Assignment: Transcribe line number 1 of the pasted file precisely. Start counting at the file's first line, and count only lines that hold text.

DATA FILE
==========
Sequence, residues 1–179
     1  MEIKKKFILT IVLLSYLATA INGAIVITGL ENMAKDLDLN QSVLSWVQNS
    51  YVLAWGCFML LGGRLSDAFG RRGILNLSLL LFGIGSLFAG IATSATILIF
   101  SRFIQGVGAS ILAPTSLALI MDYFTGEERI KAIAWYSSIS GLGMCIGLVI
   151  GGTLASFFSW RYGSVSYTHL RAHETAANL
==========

Sequence, residues 1–179